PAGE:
Study Shows Bacteria Present in Kids' Lunch Bag

Updated: 05/07/2013 9:53 AM KSTP.com By: Hannah Anderson

You wouldn't serve food on dirty plates or cook with dirty utensils. But every day parents send their kids off to school with lunch, often times packed in re-usable lunch bags that are dirty.

KSTP teamed up with University of Minnesota scientists to find out how dirty these bags are. We tested two dozen of bags from two area schools, including Stephanie Combey's son's bag, Allen, who's in preschool. Combey was curious about what would be found.

That's where Dr. Christian Mohr with the U of M Department of Microbiology comes in. Mohr and several of his students swabbed the inside and out, focusing on areas where kids would likely touch them: the handle, sides, top and bottom. Mohr's team then brought the samples back to the lab and plated them out in petri dishes.

"We did have some bags with significantly high numbers of bacteria on them," Mohr said, "bags that had very few on the outside but were loaded with bacteria on the inside."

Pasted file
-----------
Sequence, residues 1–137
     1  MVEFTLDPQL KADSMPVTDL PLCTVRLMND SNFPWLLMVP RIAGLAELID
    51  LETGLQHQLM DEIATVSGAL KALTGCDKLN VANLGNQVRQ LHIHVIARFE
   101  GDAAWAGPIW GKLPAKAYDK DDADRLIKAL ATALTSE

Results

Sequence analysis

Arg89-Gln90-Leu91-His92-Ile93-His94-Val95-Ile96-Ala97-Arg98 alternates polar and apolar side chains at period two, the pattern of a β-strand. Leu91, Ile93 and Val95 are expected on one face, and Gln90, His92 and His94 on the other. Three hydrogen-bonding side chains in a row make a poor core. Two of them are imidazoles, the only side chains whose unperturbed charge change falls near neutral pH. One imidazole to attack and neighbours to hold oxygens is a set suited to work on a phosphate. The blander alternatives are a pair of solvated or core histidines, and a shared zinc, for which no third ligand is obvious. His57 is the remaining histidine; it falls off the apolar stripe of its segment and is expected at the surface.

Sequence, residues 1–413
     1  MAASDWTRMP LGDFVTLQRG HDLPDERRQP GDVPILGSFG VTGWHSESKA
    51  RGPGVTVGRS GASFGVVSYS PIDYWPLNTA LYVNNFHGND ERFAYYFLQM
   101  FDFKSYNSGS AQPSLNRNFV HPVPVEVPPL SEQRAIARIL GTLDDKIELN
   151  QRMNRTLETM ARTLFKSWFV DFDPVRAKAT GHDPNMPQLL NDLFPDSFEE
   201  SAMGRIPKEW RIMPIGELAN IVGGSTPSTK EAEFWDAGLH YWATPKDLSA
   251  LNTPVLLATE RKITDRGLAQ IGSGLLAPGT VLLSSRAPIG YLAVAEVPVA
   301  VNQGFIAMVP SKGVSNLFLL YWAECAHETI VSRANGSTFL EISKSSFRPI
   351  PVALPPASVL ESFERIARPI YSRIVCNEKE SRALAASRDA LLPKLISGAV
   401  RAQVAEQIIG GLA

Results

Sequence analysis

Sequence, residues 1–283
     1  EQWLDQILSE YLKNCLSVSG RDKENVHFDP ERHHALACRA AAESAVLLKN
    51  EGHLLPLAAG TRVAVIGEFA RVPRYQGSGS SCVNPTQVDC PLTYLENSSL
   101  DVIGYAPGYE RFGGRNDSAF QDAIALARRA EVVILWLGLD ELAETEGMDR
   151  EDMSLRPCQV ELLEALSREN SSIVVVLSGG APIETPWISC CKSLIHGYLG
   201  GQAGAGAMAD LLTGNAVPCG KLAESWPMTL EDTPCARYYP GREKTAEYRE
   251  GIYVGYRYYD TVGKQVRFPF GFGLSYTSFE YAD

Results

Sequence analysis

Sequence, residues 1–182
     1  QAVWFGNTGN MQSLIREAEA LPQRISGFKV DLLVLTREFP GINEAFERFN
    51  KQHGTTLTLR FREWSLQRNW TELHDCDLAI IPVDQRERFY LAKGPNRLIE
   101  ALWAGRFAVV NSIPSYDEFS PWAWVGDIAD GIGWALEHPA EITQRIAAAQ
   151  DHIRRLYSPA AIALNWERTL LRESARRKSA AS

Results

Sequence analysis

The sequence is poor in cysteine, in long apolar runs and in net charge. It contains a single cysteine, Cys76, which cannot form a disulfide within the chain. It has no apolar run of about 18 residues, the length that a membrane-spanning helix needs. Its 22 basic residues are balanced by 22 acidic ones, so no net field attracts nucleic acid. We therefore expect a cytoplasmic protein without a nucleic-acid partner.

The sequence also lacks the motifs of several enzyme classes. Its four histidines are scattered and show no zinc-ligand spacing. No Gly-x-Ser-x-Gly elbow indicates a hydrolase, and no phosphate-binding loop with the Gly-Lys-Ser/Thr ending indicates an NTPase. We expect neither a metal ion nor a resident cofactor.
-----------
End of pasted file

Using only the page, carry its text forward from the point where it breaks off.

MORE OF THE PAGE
Mohr grew bacteria from every single bag. Some of what was identified was bacteria found in nature and not typically harmful to healthy people.

However, the bacteria most often isolated on the bags, was what's called enteric bacteria.

"Examples of enteric bacteria would be e-coli, enterobacter, and klebsiella," Mohr said. "What is common among all of these bacteria is they're all common flora of the human intestine."

Mohr's team did not identify e-coli specifically, but said enteric bacteria, found in large numbers, can be an indicator of fecal contamination. Of all the bags tested, roughly 30 percent showed high levels of this type of bacteria. Mohr said 10 percent of the bags should probably be replaced. This means 60 percent were fairly clean, including Stephanie Combey's son Allen's bag.

Mohr described it as having moderate levels of bacteria on the outside, but very few on the inside.

"I don't focus on the outside, because the lunch bag gets carried, dropped everywhere," Combey said. "So I don't focus on that as much as I do on the inside and trying to clean that out regularly. It makes sense that the bacteria would transfer and things like that."

Mohr's recommended people should wash both inside and out of the bag for prevention.